How did researchers come to believe so firmly in the “diet-heart hypothesis,” which holds that eating foods high in cholesterol and saturated fat leads to heart disease? In the first half of the 20th century, experiments with rabbits and international comparative studies led to the belief that diets low in fat were good for heart health. In the 1950s and 1960s it became clear that not all fats were equal. Experiments showed that saturated fat increased and polyunsaturated fat decreased plasma cholesterol concentrations. Higher concentrations were associated with a greater risk of heart disease. It followed that polyunsaturated fats were good and saturated fat was bad for the heart. Effects on serum concentrations of low density lipoprotein and high density lipoprotein cholesterol were paramount in decisions on dietary guidelines.8 11 But if blood cholesterol values are not a reliable indicator of risk of cardiovascular disease, then a careful review of the evidence that underpins dietary recommendations is warranted. Ideally, recommendations should be based on clinical outcomes, not surrogates such as cholesterol concentration.11


Unfortunately, clinical outcomes do not point uniformly in the same direction in all studies. Ramsden and colleagues’ analysis reports no clinical benefits of replacing saturated fat with linoleic acid. This is supported by recent observational findings that saturated fat is not associated with mortality.9


In a systematic review and meta-analysis of prospective cohort studies, however, dietary intake of linoleic acid was inversely associated with risk of coronary heart disease in a dose-response manner.12 Furthermore, a Cochrane systematic review and meta-analysis of randomised controlled trials found a small but potentially important reduction in cardiovascular risk associated with reduced consumption of saturated fat.13 That review, however, included studies that replaced saturated fat with carbohydrate, monounsaturated fat and/or protein, not specifically linoleic acid.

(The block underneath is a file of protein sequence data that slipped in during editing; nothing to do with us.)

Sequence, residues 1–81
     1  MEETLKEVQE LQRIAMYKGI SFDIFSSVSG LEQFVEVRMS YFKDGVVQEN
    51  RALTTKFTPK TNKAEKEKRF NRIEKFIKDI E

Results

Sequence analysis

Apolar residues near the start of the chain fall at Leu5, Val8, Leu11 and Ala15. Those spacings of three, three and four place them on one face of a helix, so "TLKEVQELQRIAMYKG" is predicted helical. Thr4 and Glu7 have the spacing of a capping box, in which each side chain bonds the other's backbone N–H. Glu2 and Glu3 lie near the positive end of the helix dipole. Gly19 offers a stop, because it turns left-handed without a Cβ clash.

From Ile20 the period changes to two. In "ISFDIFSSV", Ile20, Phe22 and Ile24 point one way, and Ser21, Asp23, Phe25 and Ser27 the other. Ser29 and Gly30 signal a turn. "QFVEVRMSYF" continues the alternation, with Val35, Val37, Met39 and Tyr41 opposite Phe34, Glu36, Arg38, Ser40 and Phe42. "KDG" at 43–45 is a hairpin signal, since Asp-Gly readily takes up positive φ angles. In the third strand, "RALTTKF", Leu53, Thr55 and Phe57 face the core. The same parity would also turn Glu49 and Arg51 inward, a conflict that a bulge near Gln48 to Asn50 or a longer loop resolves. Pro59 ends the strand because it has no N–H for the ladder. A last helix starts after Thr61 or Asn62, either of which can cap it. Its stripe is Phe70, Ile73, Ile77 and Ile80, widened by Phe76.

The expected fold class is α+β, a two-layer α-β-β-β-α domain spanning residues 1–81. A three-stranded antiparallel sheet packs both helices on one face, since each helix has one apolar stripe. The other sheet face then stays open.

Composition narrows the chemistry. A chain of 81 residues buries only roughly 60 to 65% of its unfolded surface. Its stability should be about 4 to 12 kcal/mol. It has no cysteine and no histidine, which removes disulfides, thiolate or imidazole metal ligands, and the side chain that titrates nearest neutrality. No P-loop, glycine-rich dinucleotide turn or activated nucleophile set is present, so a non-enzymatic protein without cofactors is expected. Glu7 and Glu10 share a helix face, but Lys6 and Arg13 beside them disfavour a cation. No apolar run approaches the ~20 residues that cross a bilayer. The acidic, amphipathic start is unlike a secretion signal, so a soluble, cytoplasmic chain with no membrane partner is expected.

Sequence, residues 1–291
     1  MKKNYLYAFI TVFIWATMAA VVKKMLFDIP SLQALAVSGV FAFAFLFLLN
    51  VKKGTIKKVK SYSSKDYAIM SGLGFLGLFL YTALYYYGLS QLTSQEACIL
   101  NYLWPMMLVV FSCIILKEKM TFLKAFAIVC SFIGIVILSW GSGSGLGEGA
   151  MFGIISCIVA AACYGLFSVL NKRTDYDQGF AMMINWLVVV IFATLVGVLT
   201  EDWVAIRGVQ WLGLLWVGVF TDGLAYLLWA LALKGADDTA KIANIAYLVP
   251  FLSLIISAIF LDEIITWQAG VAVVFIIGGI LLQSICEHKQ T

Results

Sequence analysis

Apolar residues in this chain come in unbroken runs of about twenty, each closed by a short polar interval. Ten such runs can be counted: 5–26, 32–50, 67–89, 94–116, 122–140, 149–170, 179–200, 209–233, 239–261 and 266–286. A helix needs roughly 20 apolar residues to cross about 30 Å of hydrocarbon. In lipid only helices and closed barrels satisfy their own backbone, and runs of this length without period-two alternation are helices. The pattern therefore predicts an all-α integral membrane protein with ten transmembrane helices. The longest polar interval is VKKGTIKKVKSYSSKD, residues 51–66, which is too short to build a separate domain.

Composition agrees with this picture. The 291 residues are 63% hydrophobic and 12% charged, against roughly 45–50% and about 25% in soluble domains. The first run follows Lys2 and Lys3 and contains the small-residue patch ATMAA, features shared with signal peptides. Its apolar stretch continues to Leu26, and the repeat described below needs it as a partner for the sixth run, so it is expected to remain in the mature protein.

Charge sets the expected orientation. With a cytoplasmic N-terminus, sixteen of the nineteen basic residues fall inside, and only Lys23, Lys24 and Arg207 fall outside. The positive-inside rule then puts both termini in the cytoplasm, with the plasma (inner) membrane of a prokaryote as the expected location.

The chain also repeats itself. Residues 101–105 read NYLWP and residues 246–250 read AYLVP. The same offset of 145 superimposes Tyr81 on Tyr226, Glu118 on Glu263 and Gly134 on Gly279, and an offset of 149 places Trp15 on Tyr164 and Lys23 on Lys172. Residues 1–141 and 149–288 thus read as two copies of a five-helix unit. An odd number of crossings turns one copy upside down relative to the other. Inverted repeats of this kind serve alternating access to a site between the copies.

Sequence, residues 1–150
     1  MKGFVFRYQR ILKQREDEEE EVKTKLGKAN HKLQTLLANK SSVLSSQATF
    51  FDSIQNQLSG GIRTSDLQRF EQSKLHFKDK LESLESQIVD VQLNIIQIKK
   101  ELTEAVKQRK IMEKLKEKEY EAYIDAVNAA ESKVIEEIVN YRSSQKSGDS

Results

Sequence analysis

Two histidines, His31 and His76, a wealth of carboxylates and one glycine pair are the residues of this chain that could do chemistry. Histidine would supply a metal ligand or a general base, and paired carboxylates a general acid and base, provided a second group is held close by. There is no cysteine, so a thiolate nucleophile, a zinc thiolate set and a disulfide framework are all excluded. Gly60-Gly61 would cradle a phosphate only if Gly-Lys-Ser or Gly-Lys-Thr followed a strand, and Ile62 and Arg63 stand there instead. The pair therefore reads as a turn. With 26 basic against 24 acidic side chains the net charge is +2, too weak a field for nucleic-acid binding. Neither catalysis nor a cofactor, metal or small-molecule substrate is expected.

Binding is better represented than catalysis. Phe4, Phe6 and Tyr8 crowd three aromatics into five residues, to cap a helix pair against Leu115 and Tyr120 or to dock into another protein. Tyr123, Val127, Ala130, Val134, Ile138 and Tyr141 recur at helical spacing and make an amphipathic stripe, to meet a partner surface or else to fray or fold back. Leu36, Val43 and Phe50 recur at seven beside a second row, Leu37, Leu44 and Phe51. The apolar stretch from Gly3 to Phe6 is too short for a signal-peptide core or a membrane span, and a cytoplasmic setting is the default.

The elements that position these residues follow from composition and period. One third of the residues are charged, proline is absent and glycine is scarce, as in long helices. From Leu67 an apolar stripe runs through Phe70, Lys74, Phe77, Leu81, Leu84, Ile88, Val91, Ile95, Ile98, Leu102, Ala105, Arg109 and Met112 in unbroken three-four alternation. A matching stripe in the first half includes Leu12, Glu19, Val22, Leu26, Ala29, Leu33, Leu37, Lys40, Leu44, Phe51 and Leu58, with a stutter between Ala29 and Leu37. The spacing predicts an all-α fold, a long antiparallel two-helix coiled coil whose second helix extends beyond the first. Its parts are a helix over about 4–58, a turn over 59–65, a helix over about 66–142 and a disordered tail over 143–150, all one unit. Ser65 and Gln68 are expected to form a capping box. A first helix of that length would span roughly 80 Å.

The randomised controlled trial design is stronger than the longitudinal observational design, but such trials on this topic were rare, relatively small, and conducted among “captive audiences” such as residents of a nursing home and mental hospitals in the MCE or outpatients at a coronary care clinic in the Sydney Diet Heart Study.3 Generalisability beyond these settings is arguable.


The greatest risks with cohort studies is confounding, and here it is tempting to speculate that the strong belief that polyunsaturated fats are good for health might have led to a self fulfilling prophesy, whereby more health conscious participants consume more polyunsaturated fats and residual confounding14 by other healthy lifestyle choices produces better health and longer survival.


It is also possible that different omega-6 fatty acids have different effects. Further research is likely to specify more precisely the types of fat under study and what they replace in the diet and to focus on clinical outcomes.


The benefits of choosing polyunsaturated fat over saturated fat seem a little less certain than we thought. While we wait for further clarification, we should continue to eat (and to advise others to eat) more fish, fruits, vegetables, and whole grains. We should avoid salt, sugar, industrial trans fats, and avoid over eating.

Link to comment
Share on other sites

Yes Al,


I saw that same line in the full text. It's unclear to me whether the "Soft corn oil polyunsaturated margarine" from the late 60's / early 70's which they used in place of butter in the high-PUFA group would have contained partially hydrogenated trans-fats. I figured it probably would, but I expressed it as "likely" rather than definitive. Are you suggesting that it did or it didn't?



Link to comment
Share on other sites


This topic is now archived and is closed to further replies.

  • Create New...